The only plagiarism claims that would be addressed would be the ones where the plaigarizer was too lazy to jump through the hoops.
While this is not a court, a persistent and diff-agnostic definition of derivative code is also supported in more substantial cases. Orion quoted the description of what derivative code is, something which I've also linked to several times. If you actually look at the application of that law to legal claims about specific plaigarized code, the amount of similarity needed to constitute a derivative work is light years away from what you're using in your evolution argument. For example, check out this interesting article entitled "Software Derivative Work: A Jurisdiction Dependent Determination". http://www.linux.com/articles/113252. It deals with a comparison system that some courts have been developing to deal with this exact issue. It involves comparing the two code bases in a very complex way at multiple levels of abstraction and dissection. I'm not suggesting that we need to be doing stuff like. I'm just saying that what constitutues a derivative work is orders of magnitude away from what you are trying to posit, i.e. that this evolution argument is ridiculous.
Or here's a simpler reference from a law firm specializing in copyright law, http://www.rosenlaw.com/lj19.htm. In it, they say, "The primary indication of whether a new program is a derivative work is whether the source code of the original program was used, modified, translated or otherwise changed in any way to create the new program." That may just be a copyright lawyer's rule of thumb, but it's interesting to not that there is absolutely no mitigating affordance whatsoever for code evolving or changing.
Now I know we're not in a court of law here; I know that the definition can differ from jurisdiction to jurisdiction; and, I hardly expect anything like that complicated AFC test be applied to WoW add-ons. But, there has to be some modicum of common sense. The precept that a derivative work can turn into an original one is absurd. And this is a derivative work. Not a single person has tried to claim that this project was nothing but wholesale theft until the point that he was notified that I knew what he did. He did not go back and rewrite the add-on from scratch, incrementally building it back up. The history of the add-on clearly demonstrates both of these facts. This is a derivative work through and through and should be pulled. You're doing yourself and WoWAce a disservice by supporting a plagiarizer.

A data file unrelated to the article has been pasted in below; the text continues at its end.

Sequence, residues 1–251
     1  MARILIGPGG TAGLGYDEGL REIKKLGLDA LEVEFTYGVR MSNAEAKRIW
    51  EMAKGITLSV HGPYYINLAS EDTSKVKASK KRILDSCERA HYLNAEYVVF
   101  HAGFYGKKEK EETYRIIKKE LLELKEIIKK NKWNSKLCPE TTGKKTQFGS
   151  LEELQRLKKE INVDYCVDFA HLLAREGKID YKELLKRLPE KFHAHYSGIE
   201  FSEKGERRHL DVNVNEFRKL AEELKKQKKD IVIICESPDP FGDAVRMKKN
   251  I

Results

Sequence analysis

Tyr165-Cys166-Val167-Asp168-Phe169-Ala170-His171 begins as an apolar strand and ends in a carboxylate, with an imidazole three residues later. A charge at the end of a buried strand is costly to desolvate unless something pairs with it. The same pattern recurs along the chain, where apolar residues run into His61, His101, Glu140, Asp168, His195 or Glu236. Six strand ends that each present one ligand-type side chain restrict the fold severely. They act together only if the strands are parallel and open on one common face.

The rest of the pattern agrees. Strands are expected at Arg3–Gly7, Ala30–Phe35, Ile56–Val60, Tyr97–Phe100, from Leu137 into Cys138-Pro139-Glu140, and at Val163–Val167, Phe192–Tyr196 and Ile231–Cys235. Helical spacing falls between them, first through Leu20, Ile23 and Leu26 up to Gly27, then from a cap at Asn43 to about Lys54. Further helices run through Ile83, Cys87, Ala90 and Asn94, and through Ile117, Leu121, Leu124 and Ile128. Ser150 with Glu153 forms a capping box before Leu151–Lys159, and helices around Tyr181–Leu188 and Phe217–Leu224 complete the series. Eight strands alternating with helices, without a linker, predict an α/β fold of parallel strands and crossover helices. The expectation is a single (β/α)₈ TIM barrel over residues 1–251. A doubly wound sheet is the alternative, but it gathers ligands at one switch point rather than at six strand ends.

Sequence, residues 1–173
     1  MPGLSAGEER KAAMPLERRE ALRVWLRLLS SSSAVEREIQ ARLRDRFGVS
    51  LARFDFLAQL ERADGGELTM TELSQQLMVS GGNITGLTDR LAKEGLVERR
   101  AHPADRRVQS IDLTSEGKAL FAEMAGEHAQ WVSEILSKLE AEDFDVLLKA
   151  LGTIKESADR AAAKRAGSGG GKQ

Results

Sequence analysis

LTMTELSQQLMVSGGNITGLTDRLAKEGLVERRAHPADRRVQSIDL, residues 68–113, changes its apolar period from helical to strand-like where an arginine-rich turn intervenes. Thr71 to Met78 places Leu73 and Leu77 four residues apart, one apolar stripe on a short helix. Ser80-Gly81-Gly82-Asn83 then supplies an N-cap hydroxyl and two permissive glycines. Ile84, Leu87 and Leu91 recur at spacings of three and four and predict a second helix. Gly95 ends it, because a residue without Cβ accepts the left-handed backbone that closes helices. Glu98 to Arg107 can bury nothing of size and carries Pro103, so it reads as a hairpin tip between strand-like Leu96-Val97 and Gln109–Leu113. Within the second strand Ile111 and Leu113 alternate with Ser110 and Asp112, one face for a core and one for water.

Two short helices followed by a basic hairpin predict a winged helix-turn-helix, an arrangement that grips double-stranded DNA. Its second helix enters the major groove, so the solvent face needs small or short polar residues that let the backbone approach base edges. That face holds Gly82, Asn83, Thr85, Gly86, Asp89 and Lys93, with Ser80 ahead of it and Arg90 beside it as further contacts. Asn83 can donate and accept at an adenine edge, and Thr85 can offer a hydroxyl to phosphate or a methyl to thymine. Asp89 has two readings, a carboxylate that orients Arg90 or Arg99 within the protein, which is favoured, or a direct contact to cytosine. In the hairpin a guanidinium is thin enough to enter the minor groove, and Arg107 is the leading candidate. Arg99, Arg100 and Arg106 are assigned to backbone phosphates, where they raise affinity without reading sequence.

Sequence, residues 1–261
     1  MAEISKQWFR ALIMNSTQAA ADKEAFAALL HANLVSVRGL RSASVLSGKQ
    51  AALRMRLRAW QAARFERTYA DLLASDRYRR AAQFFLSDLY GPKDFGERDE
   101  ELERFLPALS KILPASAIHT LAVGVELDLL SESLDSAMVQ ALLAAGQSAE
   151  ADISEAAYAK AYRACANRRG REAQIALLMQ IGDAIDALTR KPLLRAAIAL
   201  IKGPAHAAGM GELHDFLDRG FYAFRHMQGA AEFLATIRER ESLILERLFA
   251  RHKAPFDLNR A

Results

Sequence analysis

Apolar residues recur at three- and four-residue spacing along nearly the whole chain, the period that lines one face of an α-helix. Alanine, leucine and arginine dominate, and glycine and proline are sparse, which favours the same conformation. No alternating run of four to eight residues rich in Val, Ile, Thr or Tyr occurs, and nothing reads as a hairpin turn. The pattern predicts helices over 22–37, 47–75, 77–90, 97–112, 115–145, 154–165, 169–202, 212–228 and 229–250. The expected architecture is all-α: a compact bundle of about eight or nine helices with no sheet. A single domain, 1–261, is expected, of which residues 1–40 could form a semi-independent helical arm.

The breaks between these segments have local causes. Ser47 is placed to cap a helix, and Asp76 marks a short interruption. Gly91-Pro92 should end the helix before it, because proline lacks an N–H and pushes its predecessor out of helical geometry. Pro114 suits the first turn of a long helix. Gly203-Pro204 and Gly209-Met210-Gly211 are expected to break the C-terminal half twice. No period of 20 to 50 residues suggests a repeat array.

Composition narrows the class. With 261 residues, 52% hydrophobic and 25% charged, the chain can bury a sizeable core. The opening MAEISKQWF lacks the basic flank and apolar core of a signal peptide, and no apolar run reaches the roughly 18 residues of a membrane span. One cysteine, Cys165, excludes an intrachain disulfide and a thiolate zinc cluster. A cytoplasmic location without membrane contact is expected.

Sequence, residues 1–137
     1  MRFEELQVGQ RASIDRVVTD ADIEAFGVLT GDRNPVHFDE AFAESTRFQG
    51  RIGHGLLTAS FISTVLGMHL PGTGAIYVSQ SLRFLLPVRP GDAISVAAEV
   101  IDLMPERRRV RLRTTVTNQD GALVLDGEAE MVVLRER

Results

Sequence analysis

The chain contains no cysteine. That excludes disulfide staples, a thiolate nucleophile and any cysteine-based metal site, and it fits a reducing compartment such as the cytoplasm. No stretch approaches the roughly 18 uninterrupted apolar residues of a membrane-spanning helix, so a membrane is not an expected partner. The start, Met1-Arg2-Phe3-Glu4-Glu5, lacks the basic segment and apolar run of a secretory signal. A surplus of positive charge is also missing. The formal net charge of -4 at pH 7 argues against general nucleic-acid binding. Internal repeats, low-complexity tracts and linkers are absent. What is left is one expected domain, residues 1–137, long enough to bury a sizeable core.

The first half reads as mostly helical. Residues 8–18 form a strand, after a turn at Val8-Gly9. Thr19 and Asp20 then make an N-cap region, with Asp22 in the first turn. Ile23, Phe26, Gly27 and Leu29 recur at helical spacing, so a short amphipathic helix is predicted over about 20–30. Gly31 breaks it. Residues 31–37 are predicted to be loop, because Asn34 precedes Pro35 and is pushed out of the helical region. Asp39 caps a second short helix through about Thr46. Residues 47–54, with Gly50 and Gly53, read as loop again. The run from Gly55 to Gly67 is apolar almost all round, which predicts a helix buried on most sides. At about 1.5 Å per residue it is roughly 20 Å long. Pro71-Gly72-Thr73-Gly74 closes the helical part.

if some of the claims about DaPortrait are correct (where your code was simply a reference but in the end production it is completely different) -- you have no gound for appeals.
I guess we can take the above quote as an answer to Xinhuan's question about what solution you are seeking. From Elsia's research it seems like this solution was effectively satisfied near then end of February. If you still claim that the current project is a copy or derived work of yours, I believe you need to argue precisely why without any reference to the prior state of the project.
You guys are fundamentally wrong. That is the point where he hid and changed things enough that it became harder to detect, not the point where it magically became an original work. If I went and grabbed Pitbull right now, ran it through an obfuscator, added a bunch of features, released it as Mazzbull and said it is an original work, I would be a liar. It would still be a derivative work regardless of how many things I added or changed. I would not have been able to create it if I hadn't stolen Pitbull in the first place.
Quote fromOtherwise... sue and be done with it, or shut up. No one profits from bitching endlessly about this.
Nobody is going to be suing anybody. It's the nature of our legal system that you need to be both right and have lots of money to be able to get resolution from a court. (And sometimes you don't have to be right.) As a result, it's often up to the community to police things like copyright and any of a number of other similarly constrained issues, i.e. thing that people would often love to go to court for but practically couldn't. In terms of copyright, site admins are the only ones who can give at least some limited protection to authors. We rely on them for that. And here we have about as clear a case as you can have that WoWAce (and apparently curse-gaming) do not afford authors that protection.
You say that nobody profits from such discussions. I disagree. I think anybody who values author rights profits from knowing which sites will not protect them. Even people like Kaelten's co-authors are distancing themselves from the position that he's taken.
Quote fromotherwise, seriously Mazz, stop making yourself look like a total prick :P
I'm confused. Didn't you say looking like a prick could be a positive thing? Anway, you should know better, Tekk. I have a valid point to make, and I don't care if it makes me look like a prick or not. I think all of my arguments are solid. The internets people can think whatever they want about me personally.